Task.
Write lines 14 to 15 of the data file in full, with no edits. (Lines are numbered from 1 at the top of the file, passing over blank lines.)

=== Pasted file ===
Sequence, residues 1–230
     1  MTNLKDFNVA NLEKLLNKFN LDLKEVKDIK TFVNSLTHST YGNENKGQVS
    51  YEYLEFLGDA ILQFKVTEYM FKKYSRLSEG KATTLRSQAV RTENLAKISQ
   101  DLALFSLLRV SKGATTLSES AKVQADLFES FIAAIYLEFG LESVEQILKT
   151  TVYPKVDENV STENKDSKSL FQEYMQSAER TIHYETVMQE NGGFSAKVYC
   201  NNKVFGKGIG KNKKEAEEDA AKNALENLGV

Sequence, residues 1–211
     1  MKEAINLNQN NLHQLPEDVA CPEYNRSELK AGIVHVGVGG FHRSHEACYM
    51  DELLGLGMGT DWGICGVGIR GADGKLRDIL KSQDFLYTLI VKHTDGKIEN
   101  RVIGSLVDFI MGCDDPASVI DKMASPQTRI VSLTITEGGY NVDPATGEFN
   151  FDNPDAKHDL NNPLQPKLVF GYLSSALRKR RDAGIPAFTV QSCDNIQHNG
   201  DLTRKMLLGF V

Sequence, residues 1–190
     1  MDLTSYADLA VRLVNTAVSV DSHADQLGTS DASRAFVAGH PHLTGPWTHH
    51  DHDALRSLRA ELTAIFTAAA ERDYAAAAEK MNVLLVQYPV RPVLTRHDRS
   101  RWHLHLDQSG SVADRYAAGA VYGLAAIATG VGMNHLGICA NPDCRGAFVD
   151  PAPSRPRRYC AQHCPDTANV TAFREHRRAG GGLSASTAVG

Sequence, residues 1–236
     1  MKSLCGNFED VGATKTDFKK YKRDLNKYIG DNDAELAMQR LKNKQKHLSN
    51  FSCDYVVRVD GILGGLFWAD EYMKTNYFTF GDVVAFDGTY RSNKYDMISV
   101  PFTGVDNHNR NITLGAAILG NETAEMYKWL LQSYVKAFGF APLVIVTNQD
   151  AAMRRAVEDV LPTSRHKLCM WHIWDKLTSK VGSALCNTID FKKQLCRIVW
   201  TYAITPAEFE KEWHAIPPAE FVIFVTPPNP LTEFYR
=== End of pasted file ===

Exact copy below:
     1  MDLTSYADLA VRLVNTAVSV DSHADQLGTS DASRAFVAGH PHLTGPWTHH
    51  DHDALRSLRA ELTAIFTAAA ERDYAAAAEK MNVLLVQYPV RPVLTRHDRS